OTC testosterone supplements are something we recommend against for all of our clients.
The reason is pretty straightforward: not only do they not work, but they may actually be dangerous.
These supplements are marketed as a cheap to not-so-cheap way to increase testosterone while still being effective, but that’s just not accurate.
Believe me, I understand the attraction: If you can get an OTC testosterone pill or powder that lasts you for weeks or months, that you can take in the comfort of your own home, why bother with topicals, pellets, or weekly injections?
These supplements also appear to have another major benefit: You don’t need to go to a clinic or medical care provider to get them.
Testosterone Supplementation Without Close Supervision Is Dangerous
Let’s pretend, for the sake of the argument, that OTC testosterone supplements work (they don’t) and that they are safe (they’re not — they’re actually very dangerous for your liver).
Even if a particular supplement worked and wasn’t directly dangerous, you wouldn’t know what they were actually boosting your testosterone levels up to or with because your levels aren’t being accurately checked or monitored.
Furthermore, the ingredient list is often withheld, and even when printed, it has a high potential for inaccuracy.
Testosterone replacement therapy requires precision — especially for women suffering from low testosterone, but for men too.
Which means you could end up taking far too much, boosting your testosterone levels beyond what your body needs, and inducing some very serious side effects.
And there’s no way to know, with any level of precision, how your body is reacting to the supplement. You would have to constantly test your own testosterone levels, which is a practice fraught with its own issues (The short version of the article I just mentioned is this: Home testosterone testing is inaccurate at best).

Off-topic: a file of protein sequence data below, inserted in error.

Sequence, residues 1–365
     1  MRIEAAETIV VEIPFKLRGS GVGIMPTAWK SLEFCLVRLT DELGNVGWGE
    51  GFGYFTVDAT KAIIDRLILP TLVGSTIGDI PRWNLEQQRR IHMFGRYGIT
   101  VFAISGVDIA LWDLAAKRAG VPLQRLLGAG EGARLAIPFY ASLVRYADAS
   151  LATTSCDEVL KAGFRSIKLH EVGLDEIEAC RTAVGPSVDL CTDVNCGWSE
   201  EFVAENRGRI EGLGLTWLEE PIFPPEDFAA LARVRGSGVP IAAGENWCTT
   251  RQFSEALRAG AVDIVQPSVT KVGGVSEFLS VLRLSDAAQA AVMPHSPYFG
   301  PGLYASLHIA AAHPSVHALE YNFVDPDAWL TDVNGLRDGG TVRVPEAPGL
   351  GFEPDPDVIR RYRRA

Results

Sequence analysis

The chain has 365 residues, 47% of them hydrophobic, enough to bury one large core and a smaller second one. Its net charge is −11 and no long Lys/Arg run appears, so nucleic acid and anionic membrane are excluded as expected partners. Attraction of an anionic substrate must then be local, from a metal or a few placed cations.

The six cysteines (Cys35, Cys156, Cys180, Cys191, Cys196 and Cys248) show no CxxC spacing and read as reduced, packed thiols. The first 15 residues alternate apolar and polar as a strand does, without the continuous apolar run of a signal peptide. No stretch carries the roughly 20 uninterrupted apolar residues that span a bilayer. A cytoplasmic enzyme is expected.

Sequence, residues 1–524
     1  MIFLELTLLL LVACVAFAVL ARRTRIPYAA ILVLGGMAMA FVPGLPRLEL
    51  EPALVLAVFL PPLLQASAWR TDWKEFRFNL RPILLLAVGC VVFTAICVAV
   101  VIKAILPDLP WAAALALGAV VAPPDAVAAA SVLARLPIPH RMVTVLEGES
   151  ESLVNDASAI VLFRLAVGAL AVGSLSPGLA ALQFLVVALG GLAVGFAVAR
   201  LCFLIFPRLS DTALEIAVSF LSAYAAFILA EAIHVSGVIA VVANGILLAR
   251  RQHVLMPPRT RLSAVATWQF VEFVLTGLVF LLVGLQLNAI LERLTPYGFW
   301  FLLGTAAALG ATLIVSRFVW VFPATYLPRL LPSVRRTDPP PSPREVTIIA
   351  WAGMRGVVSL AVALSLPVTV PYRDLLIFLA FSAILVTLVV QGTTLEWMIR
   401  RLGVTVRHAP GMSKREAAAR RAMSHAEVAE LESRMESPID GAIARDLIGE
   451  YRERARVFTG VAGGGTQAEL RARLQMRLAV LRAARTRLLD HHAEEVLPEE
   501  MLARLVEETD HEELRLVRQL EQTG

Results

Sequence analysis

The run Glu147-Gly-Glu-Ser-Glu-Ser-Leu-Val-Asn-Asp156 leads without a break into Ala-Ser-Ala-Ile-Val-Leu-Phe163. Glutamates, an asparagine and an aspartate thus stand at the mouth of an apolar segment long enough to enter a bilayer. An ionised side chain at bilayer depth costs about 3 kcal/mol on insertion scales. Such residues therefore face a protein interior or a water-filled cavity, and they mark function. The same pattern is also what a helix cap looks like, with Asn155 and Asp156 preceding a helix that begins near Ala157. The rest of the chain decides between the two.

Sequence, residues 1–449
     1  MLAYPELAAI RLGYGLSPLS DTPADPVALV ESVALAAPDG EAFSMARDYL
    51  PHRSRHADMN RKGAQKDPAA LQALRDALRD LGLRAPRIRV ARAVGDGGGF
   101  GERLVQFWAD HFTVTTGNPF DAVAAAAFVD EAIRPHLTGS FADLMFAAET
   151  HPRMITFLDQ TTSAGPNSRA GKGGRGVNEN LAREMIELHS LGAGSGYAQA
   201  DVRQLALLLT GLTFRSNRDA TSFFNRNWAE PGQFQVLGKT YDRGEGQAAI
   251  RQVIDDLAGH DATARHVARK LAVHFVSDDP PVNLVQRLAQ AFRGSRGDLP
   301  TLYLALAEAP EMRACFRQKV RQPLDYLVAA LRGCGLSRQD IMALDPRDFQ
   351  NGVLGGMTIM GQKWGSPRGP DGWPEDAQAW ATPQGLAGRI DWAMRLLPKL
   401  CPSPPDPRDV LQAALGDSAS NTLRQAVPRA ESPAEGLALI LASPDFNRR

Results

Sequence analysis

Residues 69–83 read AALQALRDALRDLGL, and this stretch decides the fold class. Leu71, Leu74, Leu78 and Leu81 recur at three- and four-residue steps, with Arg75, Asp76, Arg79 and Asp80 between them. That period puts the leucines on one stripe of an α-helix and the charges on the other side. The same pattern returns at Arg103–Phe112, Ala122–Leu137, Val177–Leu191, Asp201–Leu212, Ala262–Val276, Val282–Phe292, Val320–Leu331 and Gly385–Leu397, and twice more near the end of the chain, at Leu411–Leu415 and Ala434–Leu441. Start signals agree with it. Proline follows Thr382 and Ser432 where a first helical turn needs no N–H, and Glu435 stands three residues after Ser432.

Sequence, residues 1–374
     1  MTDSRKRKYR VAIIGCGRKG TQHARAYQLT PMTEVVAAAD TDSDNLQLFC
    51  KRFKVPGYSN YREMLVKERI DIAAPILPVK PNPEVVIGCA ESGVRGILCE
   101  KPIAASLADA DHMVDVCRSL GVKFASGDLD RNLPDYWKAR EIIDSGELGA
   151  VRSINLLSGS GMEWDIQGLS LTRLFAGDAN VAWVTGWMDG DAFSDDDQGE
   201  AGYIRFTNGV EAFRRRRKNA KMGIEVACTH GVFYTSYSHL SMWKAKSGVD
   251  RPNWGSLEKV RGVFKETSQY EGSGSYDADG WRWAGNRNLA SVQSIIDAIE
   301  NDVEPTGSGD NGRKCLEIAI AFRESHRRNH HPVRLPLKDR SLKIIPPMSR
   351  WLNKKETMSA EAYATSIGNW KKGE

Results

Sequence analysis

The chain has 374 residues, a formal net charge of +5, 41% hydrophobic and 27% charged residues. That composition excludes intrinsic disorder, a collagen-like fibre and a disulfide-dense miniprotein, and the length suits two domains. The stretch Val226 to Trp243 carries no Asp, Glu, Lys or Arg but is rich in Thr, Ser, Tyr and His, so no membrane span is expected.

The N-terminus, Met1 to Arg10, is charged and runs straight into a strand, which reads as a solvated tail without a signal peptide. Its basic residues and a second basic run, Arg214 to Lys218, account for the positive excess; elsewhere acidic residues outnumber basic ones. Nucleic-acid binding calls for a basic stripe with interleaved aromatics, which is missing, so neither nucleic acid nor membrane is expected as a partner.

So, if you’re supplementing on your own, and it’s unclear what your testosterone levels are to begin with, and it’s unclear how much the supplements are actually increasing your testosterone levels, and you have no one monitoring you to tell you where your testosterone levels should actually be…
Well, you’re starting to see the problem.
But This Is All Hypothetical, Because OTC Testosterone Pills and Supplements Don’t Work (and Many Are Actually Dangerous)
The reason they don’t work is simple — testosterone is not something you can simply ingest through your stomach.
And, if a substance you purchased online or in a supplement store has actual anabolic components (steroids) in an oral form, your liver is at risk!
Your body is supposed to create its own testosterone. Testosterone is not a compound that your body evolved to ingest directly. Even if certain foods can help raise testosterone levels, they can only raise your body’s ability to create its own testosterone.
They can’t increase your testosterone directly, and the same is true for these OTC testosterone supplements. The best effect these supplements can achieve is to increase your body’s ability to make more testosterone.
And even if these supplements could increase your testosterone directly (that is, if they were actual methyltestosterone or something similar) that would be terrible for you!
Ingesting testosterone through your stomach can cause severe liver damage. According to several doctors interviewed in this article:
“Users of oral (typically, over-the-counter) testosterone supplements… should be wary, both doctors warned. Some over-the-counter forms of testosterone taken orally are known to cause liver damage when the supplements are metabolized….”
If you value your liver (and your life), OTC testosterone supplements are something to stay away from.
Testosterone Replacement Therapy Requires Medical Supervision
First, before you even consider some form of testosterone supplementation, you should speak with a medical provider. It’s critical that you get your testosterone levels tested appropriately so that you know where to begin.
It’s just as critical that you have your levels tested regularly to ensure you’re not getting too much or too little testosterone and that you receive proper testosterone supplementation from a medical provider well versed in testosterone replacement therapy.
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